Generational Differences

Since I suspect I will not write a proper blog post in a while, this forum post will suffice for now (The rest of that that thread might be worth a look).

Hmm, my grandparents I think are relatively good as tolerance goes, though I think I know less about them than I’d like. My paternal grandfather was going to go to Finland as a volunteer in Winter War and fight the Soviets, but he ultimately didn’t because the war ended before he had the chance to go there. He later ended up working in the same factory as my father worked in his youth. He died an atheist, before I was born, in an accident involving a bridge.

My paternal grandmother started out a maid, became a waitress at some point before retiring at 60. I went to her 86th birthday last weekend. And I can honestly that while she might seem frail and senile now, she was strong like hell. I can honestly say she’s done more physical labour during her retirement than I have done my entire teens. She seems to have played football (soccer for you Americans) sometime in the past. She was pretty cool with immigrants until some gypsies asked her for directions and robbed her of her purse in the process. She once was on vacation in Italy, and because it was so hot she dressed only in a bra and was arrested for indecency.

My maternal grandmother was a jail guard. I’m thinking it’s pretty awesome that she as a woman had such an apparently masculine job back in those days. She was pretty skilled with the accordion, and was a member of an accordion club. I really liked visiting her when I was a child. She had lots of candy and a television, and would take me to see places. It made me happy. She later had lots of problems with her health, likely because she was a heavy smoker, and she died. And I knew death.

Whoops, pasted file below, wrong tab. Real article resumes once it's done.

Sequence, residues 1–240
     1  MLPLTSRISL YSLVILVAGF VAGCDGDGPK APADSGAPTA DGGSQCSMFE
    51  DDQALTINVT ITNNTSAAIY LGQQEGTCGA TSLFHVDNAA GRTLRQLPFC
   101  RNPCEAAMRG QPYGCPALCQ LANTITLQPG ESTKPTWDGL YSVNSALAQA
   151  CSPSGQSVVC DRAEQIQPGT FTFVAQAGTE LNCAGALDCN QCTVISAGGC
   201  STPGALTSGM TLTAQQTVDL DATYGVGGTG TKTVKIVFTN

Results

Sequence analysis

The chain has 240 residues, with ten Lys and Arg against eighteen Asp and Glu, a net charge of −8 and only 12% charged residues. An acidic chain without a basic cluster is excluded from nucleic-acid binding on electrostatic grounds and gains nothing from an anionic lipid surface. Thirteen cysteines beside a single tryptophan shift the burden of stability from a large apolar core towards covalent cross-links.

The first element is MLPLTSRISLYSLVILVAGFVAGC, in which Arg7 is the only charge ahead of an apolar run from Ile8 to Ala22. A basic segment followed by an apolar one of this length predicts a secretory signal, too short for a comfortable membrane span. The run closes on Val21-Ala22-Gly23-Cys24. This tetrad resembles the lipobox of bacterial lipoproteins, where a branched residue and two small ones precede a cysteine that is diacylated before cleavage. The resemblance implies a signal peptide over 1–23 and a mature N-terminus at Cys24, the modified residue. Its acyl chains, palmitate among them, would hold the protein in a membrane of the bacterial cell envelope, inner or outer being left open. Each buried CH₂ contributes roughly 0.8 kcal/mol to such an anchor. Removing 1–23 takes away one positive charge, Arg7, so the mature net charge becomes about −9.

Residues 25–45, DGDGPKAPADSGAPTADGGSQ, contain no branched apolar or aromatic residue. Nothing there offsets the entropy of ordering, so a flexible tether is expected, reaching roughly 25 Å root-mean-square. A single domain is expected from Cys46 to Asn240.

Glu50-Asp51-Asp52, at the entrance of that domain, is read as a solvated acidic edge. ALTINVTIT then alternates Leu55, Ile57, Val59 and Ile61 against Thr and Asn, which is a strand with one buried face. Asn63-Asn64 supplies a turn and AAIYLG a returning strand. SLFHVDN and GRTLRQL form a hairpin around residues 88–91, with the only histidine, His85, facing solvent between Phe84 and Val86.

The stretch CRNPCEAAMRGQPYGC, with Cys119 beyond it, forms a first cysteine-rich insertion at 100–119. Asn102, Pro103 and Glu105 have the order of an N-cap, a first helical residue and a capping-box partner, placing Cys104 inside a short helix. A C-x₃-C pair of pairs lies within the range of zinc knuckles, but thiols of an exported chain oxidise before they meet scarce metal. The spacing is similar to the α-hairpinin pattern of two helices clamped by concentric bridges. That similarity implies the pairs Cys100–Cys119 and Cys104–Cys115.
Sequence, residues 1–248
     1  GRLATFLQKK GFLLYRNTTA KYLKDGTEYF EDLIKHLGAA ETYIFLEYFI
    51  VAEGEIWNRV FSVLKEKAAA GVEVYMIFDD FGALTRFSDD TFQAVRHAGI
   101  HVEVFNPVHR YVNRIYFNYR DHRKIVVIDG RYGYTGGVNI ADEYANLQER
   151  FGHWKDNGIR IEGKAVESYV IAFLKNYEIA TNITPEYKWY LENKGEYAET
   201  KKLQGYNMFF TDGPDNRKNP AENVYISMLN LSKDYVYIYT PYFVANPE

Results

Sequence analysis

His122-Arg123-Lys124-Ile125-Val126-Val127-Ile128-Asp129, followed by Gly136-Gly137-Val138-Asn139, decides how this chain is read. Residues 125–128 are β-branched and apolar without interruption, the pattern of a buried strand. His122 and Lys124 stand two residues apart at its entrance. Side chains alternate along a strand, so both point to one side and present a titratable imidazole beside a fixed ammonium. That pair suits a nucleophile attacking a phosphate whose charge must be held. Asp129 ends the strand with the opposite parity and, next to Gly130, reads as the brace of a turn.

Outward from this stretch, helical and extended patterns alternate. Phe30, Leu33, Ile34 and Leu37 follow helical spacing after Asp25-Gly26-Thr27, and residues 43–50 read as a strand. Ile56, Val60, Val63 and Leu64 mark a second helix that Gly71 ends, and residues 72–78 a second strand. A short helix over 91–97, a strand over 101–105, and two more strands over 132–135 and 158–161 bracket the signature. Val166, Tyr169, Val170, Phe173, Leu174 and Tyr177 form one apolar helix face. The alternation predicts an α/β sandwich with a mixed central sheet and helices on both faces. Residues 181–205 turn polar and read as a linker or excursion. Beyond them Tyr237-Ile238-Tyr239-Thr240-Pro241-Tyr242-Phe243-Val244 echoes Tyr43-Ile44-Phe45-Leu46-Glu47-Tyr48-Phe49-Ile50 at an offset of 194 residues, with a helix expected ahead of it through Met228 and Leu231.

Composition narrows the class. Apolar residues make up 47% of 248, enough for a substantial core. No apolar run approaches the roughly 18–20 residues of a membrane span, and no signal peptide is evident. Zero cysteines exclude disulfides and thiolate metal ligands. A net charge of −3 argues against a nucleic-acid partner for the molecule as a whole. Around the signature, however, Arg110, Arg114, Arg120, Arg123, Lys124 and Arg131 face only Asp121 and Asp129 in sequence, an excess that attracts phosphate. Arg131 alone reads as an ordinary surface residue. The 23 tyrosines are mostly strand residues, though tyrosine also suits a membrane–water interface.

My maternal grandfather was a farmer, I think. After my mother and uncle were born, he and my grandmother divorced. After his retirement he started a horse club in Jämtland, high up in the country. He seems to work as hard as ever, still keeping up farming for his horses. I actually seem to know the new SO (he and my grandmother never actually married each other) better than him. A pleasant gentleman who likes to refer himself as “herr Johansson” and who is good with children. Gets rowdy when he’s drunk, though.

I do not notice the different social mores as much as the socio-economic differences I’ve had compared to them growing up. Before the “People’s Home” which was constructed during the 40’s and 50’s, Sweden was one of the poorest countries in Europe. It’s especially noticeable in how much labour my grandparents had to do as well as the seemingly subpar education. On a car drive once, my mother pointed towards one of those stereotypical red cottages and said that my grandmother went to school there. In fact, I’m actually living in one those schools right now. We’ve had visitors who come to see the old building they went to as children.

This got me a bit nostalgic and sad…

As an aside, my paternal grandfather was born in 1915, before the Soviet Union, and I was born in 1992, after the Soviet Union. I’ve always found that pretty cool, somehow.

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One Response to “Generational Differences”

  1. malin Says:

    Jätteintressant inlägg Erik! Visste inte att farfar ville slåss i vinterkriget. Jag minns inte så mkt av honom tyvärr men jag och mamma pratade om honom härom dagen och hon sade att han var en genuint bra människa. Liksom väldigt lyhörd för människor runt honom samtidigt som han var principfast. Det känns konstigt att höra om folk som man inte minns, eller som man inte träffat, och som hade så stor påverkan på människors liv. Jag minns att när farfar dog så åkte pappa till stugan och åkte ute och fiskade. Vad fint du skriver om farmor. Jag saknar henne!

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